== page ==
Undifferentiated connective tissue disease (UCTD) is challenging to define but is a distinct clinical entity from connective tissue diseases (CTD).
Patients with undifferentiated connective tissue disease (UCTD) have a lower frequency of arthritis, hematologic abnormalities, systemic lupus erythematosus (SLE)–specific antibodies, and hypocomplementemia compared with patients who have connective tissue diseases (CTD), according to an abstract published in the meeting journal of the EULAR 2022 Congress.
The findings from researchers at the Hospital for Special Surgery (HSS) clarify the clinical manifestations of UCTD. They recruited 89 patients in order to identify characteristics associated with rheumatologist-diagnosed UCTD. They also applied strict exclusion criteria and compared patients with UCTD with criteria-defined CTD.
“We have been interested in studying UCTD because it’s commonly encountered in clinical practice but not well characterized,” lead study author Caroline Siegel, MD, a rheumatology fellow at HSS, said in a statement. “UCTD is inherently challenging to define, but it’s very important to understand what features differentiate patients with UCTD from those with defined connective tissue diseases, such as lupus, so that we can better manage patients with this condition and ultimately predict who may go on to develop more severe clinical manifestations.”
The 89 patients were 18 years or older with rheumatologist-diagnosed UCTD and had been seen between 2018 and 2022. These patients had positive antinuclear antibody test and at least 1 sign or symptom of a CTD. The patients had a mean age of 49 years and a majority were White (66.3%) and female (97.8%). Of the 89 patients, 59 (66.3%) had UCTD and 30 (33.7%) had criteria-defined CTD. Of the latter group, 27 patients had SLE, 3 had SLE and rheumatoid arthritis (RA), 1 had RA, and 1 had antiphospholipid syndrome (APS).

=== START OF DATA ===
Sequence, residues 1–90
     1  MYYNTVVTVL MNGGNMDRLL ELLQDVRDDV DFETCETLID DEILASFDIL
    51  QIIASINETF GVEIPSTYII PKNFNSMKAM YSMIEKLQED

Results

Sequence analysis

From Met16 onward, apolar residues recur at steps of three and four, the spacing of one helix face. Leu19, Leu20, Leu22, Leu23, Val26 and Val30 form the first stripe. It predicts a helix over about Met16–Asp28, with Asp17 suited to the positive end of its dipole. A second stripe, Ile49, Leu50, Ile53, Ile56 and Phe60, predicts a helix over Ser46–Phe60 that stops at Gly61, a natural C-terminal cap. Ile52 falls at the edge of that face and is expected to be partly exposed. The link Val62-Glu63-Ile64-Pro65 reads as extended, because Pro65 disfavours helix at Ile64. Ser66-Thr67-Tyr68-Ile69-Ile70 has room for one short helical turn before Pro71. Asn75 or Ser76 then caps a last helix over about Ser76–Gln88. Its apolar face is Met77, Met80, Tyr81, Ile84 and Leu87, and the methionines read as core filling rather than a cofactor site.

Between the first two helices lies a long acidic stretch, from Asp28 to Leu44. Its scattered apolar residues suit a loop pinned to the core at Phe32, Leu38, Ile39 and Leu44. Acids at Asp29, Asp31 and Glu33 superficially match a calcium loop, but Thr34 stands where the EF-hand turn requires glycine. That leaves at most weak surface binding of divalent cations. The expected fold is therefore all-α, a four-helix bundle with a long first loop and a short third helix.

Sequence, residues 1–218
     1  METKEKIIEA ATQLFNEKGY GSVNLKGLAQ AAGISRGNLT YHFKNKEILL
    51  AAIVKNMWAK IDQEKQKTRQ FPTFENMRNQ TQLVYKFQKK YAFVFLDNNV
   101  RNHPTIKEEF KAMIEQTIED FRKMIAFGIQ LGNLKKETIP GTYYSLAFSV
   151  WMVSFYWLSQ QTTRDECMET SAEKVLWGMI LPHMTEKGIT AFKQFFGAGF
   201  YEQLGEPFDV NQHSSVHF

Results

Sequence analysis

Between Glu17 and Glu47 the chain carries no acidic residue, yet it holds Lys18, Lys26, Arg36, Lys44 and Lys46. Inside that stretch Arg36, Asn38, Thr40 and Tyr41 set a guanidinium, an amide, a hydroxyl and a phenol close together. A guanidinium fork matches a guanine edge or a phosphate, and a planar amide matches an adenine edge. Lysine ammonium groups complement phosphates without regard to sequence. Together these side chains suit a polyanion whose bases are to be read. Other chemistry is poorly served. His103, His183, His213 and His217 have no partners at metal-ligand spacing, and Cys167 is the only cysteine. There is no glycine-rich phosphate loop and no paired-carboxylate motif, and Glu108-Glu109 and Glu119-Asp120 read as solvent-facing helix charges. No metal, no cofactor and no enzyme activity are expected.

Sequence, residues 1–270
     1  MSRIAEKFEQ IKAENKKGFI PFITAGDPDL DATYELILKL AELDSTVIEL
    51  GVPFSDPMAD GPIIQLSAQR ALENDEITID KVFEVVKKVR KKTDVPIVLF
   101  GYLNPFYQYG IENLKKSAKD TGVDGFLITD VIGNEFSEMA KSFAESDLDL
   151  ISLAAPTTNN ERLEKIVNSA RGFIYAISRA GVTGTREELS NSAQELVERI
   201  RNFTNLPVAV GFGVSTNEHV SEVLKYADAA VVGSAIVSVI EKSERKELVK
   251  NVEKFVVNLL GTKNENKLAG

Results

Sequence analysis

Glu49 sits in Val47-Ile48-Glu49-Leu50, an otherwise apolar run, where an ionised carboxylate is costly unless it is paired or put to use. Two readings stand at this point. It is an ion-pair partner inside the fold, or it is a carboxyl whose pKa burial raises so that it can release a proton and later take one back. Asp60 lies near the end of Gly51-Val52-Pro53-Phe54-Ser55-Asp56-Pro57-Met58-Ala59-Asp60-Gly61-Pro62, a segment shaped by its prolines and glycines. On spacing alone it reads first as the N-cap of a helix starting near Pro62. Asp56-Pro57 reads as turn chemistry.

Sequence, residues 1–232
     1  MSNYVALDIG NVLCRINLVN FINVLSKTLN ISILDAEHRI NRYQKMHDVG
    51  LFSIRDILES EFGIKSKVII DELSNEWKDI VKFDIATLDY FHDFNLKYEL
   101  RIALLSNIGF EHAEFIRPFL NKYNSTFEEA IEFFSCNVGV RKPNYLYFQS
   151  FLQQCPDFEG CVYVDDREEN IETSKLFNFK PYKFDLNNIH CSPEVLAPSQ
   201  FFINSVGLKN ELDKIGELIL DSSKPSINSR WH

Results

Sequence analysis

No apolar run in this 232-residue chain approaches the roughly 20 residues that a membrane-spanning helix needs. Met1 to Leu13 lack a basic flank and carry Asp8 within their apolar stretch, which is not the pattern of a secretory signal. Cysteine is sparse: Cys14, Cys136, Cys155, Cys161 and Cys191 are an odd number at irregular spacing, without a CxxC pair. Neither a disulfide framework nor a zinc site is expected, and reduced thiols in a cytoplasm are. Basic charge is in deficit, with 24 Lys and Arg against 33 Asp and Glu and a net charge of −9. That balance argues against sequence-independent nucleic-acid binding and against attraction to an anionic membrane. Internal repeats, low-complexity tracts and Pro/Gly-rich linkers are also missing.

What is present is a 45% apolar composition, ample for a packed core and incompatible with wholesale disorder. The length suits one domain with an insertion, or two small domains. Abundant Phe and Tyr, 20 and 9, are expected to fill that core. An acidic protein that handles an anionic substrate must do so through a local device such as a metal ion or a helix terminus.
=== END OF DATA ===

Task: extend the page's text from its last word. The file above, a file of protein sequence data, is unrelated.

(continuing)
Both the UCTD and criteria-defined CTD groups had non-criteria manifestations:
Only 27.1% of patients with UCTD had nonerosive arthritis vs 56.7% of patients with CTD (P = .01). Patients with UTCD were also less likely to have any hematologic manifestation, anti-dsDNA or anti-Smith antibodies, or hypocomplementemia compared with patients with CTD.
The frequency of RA, Sjögren syndrome, and APS-related serologies was similar between the 2 groups.
While 96.7% of patients with CTD had ever received systemic corticosteroids, only 71.2% (P < .01) of patients with UCTD had ever received the treatment. Similarly, patients with UCTD were less likely to ever use any disease-modifying antirheumatic drug compared with patients with CTD (35.6% vs 46.7%, P = .36)
According to the researchers, while rheumatologists diagnose UCTD when criteria are met for other CTDs, the findings show UCTD is “a distinct clinical entity” from CTD.
“We are starting to recognize features of strictly defined UCTD that will allow us to better identify and manage this condition,” said senior study author Medha Barbhaiya, MD, MPH, rheumatologist at HSS. “Patients struggle with the uncertainty of a UCTD diagnosis, and our study aimed to demonstrate that UCTD may be a distinct entity from other rheumatic conditions. These findings lend support to the claim that patients who have UCTD require separate study, and their disease manifestations warrant further understanding.”
Siegel C, Stamm B, Vega J, et al. Characteristics of patients diagnosed with undifferentiated connective tissue disease. Ann Rheum Dis. 2022;81(Supp 1):1417.